Superman: Can Beefcake Kill a Blockbuster?
More specifically, can beefcake that appeals to gay men drive straight male audiences away from a movie? That's the question the L.A. Times attempts to tackle in a piece running today.
An informal poll of six veteran Hollywood marketing executives at rival studios revealed sharply divided opinions over how — or even if — "Superman's" gay attention would affect the film. Two of the executives said the focus could actually expand the film's audience, much as gay moviegoers have responded to the "X-Men" superhero series, which has been praised for its metaphorical plots about acceptance. The first two "X-Men" movies were directed by Bryan Singer, the openly gay filmmaker who also made "Superman Returns." Singer did not respond to an interview request.
But four of the movie marketing executives, all of whom declined to speak on the record, said gay "Superman Returns" interest presented two potential box-office problems. First, teenage moviegoers, especially those in conservative states, might be put off by a movie carrying a gay vibe; among some teens, these executives agreed, saying something "is gay" is still the ultimate put-down. Second, the attention threatens to undermine the film's status as a hard-edged action movie, making it feel softer, more romantic, and thus less interesting to young ticket buyers who crave pyrotechnics.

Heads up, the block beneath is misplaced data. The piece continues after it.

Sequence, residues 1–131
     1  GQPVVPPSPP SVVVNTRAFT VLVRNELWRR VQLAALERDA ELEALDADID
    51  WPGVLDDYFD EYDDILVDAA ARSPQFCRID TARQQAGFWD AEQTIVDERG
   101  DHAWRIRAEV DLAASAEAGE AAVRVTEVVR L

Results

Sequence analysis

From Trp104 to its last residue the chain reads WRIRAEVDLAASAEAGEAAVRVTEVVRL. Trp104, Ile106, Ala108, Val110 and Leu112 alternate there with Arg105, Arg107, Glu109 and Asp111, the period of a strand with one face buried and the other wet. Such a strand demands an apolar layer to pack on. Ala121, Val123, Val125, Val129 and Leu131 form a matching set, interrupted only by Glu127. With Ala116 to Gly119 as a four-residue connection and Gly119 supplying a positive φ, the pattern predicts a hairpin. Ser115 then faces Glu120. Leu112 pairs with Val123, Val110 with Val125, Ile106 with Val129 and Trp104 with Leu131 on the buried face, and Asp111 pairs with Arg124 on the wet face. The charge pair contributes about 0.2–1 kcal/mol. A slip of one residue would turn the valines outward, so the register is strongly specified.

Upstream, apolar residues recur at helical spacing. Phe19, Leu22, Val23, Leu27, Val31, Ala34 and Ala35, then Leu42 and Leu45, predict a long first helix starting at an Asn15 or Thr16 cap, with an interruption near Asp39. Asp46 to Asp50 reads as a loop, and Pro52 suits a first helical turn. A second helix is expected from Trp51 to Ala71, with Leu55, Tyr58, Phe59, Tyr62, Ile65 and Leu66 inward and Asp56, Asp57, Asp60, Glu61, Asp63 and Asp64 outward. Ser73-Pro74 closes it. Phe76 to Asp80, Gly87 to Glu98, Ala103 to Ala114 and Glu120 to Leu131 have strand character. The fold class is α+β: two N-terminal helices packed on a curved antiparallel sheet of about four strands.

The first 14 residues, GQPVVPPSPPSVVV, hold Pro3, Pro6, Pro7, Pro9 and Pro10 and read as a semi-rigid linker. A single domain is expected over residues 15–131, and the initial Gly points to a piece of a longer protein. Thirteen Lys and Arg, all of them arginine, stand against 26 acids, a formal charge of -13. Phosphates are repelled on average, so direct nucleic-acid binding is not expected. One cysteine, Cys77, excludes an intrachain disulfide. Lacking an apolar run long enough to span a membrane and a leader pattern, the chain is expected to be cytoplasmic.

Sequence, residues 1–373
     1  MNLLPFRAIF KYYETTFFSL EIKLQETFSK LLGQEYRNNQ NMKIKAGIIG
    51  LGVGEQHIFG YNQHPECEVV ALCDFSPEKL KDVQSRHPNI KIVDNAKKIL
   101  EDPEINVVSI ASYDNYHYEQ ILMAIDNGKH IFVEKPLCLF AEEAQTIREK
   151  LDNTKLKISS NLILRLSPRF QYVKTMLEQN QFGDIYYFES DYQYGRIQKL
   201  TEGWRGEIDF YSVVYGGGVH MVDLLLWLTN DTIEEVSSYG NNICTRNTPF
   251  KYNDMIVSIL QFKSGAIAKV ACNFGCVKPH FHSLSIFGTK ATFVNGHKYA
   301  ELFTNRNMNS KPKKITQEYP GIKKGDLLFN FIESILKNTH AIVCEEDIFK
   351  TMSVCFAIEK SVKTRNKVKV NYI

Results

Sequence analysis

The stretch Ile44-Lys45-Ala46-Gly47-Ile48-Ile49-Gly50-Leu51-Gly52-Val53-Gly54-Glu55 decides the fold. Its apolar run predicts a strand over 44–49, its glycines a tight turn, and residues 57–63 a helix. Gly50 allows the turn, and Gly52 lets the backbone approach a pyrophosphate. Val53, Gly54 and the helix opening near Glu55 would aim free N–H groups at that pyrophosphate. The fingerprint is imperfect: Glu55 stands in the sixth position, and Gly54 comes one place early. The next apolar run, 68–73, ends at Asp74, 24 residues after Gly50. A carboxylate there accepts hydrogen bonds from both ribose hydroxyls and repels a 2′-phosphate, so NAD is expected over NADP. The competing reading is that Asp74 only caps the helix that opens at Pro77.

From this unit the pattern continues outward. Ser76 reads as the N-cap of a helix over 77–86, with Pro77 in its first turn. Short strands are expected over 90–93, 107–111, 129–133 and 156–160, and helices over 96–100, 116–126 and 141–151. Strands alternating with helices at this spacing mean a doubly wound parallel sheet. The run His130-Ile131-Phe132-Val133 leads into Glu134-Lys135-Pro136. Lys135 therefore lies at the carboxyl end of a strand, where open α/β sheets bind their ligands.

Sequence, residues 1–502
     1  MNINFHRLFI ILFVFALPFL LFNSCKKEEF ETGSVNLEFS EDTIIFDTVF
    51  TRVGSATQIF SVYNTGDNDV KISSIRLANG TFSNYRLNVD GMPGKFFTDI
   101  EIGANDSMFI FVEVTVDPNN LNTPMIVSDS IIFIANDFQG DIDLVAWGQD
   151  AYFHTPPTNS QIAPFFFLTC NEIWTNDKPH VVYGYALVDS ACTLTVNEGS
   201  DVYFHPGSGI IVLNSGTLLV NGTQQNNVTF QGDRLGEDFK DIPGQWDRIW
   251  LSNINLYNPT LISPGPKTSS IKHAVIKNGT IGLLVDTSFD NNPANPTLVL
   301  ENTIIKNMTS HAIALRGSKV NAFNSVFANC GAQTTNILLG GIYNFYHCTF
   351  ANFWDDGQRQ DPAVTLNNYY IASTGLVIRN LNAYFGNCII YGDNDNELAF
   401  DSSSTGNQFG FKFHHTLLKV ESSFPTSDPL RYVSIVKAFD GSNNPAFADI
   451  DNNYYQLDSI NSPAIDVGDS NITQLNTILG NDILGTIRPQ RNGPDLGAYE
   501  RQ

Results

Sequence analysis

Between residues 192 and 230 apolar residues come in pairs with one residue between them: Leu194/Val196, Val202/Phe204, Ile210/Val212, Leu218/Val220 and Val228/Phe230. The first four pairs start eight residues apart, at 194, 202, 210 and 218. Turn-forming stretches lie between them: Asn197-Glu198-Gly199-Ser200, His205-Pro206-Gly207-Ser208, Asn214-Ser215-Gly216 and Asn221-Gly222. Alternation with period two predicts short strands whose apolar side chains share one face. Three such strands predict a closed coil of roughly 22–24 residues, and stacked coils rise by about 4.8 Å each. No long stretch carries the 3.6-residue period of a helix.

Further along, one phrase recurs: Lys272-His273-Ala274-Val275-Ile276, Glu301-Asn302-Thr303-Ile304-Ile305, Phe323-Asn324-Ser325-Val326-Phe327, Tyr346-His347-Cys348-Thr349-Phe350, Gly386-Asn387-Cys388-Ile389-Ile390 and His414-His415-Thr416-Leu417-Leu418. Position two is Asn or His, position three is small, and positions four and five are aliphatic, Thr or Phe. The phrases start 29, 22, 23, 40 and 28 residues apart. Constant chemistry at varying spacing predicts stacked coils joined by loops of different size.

The other major question is, is it a good movie in the first place? How many potential straight ticketbuyers place whether or not the movie has a gay following (ie their own homophobia) as a higher priority than the reviews they've read? Not many, I'd guess. But it's certainly an interesting question. Could the the alleged homophobia of Academy members that was the scapegoat for Brokeback Mountain's loss to Crash at the Oscars play itself out in a broader sense with the American public, even when Superman is not a specifically gay character?
Like the Oscar results, one could spend endless amounts of time debating the equation without ever finding the right path to the answer.
How Will it Fly? [la times]